Appendectomy Out, Antibiotics In

The author of a new study on appendicitis not only claims that treatment with antibiotics is a viable alternative to surgery, but also reports that antibiotic treatment has a lower risk of complications.

A doctoral student at the University of Gothenburg, Sweden, Hansson’s thesis used data from two major clinical studies of adult patients carried out at Kungalv Hospital and Sahlgrenska Hospital.

While noting that for some acute appendicitis patients, surgery is absolutely necessary, Hansson found that 80% of patients that were suitable candidates for antibiotic treatment recovered and returned to full health. She also found that patients who underwent treatment with antibiotics had a recurrence risk of approximately 10-15%.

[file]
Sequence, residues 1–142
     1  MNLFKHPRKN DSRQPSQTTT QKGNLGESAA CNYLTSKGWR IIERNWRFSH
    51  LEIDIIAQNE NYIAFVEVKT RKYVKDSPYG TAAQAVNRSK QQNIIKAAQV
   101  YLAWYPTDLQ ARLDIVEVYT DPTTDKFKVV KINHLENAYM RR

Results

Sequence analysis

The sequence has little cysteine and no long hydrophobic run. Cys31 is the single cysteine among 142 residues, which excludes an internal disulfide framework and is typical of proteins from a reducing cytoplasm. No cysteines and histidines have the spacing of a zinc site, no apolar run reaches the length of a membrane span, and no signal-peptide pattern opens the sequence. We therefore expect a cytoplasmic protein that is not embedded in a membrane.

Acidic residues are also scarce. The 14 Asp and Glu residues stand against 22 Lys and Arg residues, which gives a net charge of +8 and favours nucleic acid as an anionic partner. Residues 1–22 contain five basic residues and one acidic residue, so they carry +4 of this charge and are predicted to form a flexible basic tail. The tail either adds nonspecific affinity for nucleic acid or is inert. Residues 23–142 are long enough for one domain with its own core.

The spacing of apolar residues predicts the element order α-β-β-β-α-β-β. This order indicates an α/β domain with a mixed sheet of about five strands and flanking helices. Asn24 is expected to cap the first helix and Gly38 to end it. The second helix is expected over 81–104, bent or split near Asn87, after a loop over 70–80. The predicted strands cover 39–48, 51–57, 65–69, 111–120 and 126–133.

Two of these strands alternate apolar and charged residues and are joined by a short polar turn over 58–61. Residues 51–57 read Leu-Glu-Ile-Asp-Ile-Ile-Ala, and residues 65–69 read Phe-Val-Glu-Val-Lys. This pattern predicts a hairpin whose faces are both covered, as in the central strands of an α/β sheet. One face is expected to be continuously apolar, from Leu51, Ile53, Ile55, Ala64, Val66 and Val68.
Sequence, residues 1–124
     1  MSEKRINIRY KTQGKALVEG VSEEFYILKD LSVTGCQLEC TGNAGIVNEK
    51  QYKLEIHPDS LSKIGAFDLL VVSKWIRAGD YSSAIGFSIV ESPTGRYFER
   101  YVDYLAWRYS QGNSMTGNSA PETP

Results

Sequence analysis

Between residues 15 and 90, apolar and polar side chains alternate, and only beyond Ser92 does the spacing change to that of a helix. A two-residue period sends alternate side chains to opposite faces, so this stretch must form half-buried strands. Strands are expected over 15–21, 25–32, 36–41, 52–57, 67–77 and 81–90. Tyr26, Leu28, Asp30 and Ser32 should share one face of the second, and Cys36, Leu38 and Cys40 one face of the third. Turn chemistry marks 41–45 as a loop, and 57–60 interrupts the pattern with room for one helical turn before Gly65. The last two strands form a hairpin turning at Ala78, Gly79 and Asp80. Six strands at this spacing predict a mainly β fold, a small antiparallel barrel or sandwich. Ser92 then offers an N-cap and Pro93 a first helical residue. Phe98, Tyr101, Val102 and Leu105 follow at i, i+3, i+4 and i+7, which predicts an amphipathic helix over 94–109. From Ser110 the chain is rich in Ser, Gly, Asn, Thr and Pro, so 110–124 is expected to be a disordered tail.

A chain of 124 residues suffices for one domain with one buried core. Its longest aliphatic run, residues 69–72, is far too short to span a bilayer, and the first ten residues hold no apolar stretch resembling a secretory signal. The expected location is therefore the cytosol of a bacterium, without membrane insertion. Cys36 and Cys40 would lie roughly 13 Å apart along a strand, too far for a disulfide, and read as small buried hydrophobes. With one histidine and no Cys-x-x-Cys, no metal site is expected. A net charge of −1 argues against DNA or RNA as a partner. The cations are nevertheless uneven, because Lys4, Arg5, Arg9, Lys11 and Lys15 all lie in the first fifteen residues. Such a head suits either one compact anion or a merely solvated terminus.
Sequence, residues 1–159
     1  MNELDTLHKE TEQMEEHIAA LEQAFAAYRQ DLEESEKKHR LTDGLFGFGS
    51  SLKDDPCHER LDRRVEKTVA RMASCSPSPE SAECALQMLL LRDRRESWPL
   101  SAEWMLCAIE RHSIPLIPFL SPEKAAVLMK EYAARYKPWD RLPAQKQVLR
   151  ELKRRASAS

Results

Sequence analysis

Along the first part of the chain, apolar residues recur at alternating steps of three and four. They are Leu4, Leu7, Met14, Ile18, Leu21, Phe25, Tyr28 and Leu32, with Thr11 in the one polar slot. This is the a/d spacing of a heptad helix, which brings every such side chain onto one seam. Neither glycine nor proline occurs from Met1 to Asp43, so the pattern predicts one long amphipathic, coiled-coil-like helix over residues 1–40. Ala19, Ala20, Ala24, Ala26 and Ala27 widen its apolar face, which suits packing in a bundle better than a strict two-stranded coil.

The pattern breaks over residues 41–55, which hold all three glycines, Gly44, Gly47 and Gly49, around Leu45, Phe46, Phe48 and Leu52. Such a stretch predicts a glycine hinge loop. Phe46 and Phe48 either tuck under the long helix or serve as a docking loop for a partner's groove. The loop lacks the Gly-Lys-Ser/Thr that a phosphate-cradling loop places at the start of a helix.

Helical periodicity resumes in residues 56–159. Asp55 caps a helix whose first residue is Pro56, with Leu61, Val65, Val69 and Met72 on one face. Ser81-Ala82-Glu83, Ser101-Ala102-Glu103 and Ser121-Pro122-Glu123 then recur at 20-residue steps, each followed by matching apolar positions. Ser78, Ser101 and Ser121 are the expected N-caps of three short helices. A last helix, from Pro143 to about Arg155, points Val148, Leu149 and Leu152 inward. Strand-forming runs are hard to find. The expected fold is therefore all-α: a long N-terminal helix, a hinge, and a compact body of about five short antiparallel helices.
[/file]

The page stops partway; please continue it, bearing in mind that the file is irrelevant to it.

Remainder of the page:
Clarifying her findings, Hansson also stated that for patients who eventually needed surgery because of a recurrence or resistance to the antibiotics, there were no additional risks compared to those that simply underwent the surgery.

Appendicitis occurs when the appendix, a small, closed tube attached to the beginning of the large intestine, becomes inflamed and painful. Major symptoms of appendicitis include pain in the abdomen, poor appetite, nausea, vomiting and fever. The standard treatment for appendicitis has been removal of the appendix.

Source: Times of India

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